of health and focuses on the comprehensive and
interrelated aspects of physical, mental and social
health and wellbeing.
It provides whole-person care for health needs
throughout the lifespan, not just for a set of specific
diseases. Primary health care ensures people receive
comprehensive care - ranging from promotion and
prevention to treatment, rehabilitation and palliative
care - as close as feasible to people’s everyday
Primary health care is rooted in a commitment to social
justice and equity and in the recognition of the fundamental
right to the highest attainable standard of health, as echoed
in Article 25 of the Universal Declaration on Human Rights:
“Everyone has the right to a standard of living adequate for
the health and wellbeing of himself and of his family,
including food, clothing, housing and medical care and
necessary social services […]”.
The concept of primary health care has been repeatedly
reinterpreted and redefined. In some contexts, it has
referred to the provision of ambulatory or first-level of
personal health care services. In other contexts, primary
health care has been understood as a set of priority health
interventions for low-income populations (also called
selective primary health care). Others have understood
primary health care as an essential component of human
development, focusing on the economic, social and political
Primary health care is well-positioned to respond to
rapid economic, technological, and demographic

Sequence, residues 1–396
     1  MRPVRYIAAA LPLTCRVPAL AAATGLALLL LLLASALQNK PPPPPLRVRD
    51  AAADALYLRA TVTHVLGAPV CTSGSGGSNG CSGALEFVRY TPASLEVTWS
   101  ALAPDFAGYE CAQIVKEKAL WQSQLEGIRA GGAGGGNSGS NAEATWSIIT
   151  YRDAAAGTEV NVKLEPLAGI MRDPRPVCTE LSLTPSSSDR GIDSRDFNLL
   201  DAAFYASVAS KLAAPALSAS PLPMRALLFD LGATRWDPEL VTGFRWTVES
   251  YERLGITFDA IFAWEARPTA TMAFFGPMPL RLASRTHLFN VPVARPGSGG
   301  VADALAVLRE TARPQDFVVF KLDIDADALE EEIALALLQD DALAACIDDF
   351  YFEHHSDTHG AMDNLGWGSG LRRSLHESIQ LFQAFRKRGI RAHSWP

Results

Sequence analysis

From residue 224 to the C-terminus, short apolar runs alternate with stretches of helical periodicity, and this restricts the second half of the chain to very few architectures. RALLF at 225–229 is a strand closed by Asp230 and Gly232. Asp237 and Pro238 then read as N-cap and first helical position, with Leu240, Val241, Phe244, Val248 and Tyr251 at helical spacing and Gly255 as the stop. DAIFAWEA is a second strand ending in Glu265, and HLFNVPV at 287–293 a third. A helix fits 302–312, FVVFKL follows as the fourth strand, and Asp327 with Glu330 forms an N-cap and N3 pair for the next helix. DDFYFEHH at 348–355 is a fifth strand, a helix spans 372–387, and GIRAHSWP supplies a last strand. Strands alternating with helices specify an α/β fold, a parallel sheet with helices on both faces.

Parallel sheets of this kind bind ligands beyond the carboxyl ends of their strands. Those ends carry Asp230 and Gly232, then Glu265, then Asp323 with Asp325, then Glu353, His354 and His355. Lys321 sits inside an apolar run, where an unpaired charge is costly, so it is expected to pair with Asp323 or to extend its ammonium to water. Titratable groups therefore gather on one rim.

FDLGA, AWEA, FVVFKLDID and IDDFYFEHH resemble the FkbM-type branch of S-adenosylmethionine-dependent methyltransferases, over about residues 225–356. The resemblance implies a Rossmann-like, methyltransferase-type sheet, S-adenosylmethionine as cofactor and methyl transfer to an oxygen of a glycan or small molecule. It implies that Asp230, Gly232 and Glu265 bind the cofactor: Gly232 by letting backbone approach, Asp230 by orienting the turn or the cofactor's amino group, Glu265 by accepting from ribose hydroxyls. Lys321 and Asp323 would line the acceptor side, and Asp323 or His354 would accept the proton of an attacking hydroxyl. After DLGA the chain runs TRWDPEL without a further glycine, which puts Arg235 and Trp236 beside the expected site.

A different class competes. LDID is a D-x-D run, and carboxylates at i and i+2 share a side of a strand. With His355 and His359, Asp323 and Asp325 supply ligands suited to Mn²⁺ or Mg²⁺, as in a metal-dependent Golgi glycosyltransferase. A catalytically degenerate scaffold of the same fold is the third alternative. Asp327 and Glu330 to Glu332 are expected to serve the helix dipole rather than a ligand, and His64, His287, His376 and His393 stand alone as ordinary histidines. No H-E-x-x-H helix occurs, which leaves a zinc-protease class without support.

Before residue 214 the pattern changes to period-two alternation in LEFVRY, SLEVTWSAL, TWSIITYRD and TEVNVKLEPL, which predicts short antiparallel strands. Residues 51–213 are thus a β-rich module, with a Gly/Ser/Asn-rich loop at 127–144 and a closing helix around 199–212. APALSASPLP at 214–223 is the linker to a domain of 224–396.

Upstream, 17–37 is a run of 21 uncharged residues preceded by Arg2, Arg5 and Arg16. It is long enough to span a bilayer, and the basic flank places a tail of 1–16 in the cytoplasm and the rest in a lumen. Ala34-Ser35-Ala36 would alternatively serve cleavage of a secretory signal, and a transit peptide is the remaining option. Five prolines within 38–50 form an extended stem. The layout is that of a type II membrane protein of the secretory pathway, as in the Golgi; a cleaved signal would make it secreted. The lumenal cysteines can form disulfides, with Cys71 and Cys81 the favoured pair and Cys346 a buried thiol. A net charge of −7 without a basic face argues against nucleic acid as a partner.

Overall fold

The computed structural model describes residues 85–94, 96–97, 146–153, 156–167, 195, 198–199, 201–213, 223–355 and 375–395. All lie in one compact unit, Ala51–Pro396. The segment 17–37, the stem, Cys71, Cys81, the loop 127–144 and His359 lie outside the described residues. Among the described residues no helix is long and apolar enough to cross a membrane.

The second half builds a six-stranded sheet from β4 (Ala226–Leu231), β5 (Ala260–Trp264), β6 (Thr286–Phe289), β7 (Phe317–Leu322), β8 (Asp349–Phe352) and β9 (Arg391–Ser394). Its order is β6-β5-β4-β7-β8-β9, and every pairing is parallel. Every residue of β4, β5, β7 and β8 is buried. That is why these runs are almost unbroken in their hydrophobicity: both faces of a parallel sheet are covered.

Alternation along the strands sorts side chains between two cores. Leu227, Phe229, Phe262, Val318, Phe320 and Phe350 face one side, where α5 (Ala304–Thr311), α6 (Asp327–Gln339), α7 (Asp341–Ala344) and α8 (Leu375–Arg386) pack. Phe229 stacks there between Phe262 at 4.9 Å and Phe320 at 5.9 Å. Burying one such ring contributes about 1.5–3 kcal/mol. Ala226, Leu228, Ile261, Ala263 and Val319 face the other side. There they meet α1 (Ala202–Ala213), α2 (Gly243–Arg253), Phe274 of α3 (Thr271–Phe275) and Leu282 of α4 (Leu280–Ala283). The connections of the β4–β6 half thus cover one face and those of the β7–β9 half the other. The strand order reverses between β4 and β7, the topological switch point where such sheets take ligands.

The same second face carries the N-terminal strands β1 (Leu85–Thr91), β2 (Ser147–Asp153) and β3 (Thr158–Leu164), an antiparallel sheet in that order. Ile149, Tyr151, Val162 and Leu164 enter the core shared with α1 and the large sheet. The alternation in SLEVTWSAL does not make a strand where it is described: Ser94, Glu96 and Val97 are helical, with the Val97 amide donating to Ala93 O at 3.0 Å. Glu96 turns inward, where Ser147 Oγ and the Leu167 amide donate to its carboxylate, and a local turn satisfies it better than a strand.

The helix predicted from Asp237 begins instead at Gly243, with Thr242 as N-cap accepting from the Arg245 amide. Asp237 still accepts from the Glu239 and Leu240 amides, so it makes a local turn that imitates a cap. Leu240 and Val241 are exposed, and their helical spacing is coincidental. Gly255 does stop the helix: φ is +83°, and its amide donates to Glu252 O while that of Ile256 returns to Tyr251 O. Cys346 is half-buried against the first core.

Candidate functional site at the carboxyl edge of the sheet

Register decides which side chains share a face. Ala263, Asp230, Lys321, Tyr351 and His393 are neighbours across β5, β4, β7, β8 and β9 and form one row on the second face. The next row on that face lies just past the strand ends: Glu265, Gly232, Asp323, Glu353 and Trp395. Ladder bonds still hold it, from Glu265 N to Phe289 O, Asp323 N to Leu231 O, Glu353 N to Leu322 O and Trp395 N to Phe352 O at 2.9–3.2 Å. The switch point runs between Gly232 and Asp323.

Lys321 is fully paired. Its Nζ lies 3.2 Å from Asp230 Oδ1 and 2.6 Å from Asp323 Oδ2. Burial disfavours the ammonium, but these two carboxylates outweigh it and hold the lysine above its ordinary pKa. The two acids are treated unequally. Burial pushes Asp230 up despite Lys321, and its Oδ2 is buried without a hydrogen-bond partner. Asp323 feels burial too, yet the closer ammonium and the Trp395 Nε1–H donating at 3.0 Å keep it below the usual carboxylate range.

changes, all of which impact health and well-being.
Primary health care has been proven to be a highly
effective and efficient way to address the main
causes and risks of poor health and well-being
today, as well as handling the emerging challenges
that threaten health and well-being tomorrow.
Stronger primary health care is essential to achieving
the health-related Sustainable Development Goals
(SDGs) and universal health coverage.
WHO recognizes the central role of primary health care
for achieving health and well-being for all, at all
ages. WHO works with countries to:
Identify priority areas for improving health and
context-specific approaches which draw on the
technical expertise across the WHO.
Support countries to develop inclusive policies, in
country leadership and health systems based on
primary health care which promote health equity and
works towards achieving the Sustainable
Development Goals and universal health coverage.
Address the wider inequity and social determinants
of health through multisectoral action.
Health is a human
right; it’s time for
health for all.
About 100 million
people are pushed
poverty each year
because of out-of-
pocket spending on
Primary health care should
be the first level of contact
with the health system,
where individuals, families
and communities receive
most of their health care—
from promotion and
prevention to treatment,
rehabilitation and palliative
care—as close as possible
to where they live and
Health workers have a
crucial role to play
educating patients on
how to take care of their
health, coordinating care
and advocating for their
patients’ needs to health
facility managers and
The member states of WHO have endorsed universal
coverage as an important goal for the development
of health financing system but, in order to achieve
this long-term solution, flexible short-term
responses are needed.
There is no universal formula. Indeed, for many
countries, it will take some years to achieve universal
coverage and the path is complex.
The responses each country takes will be determined
partly by their own histories and the way their health
financial systems have developed to date, as well as
by social preference relating to concepts of solidarity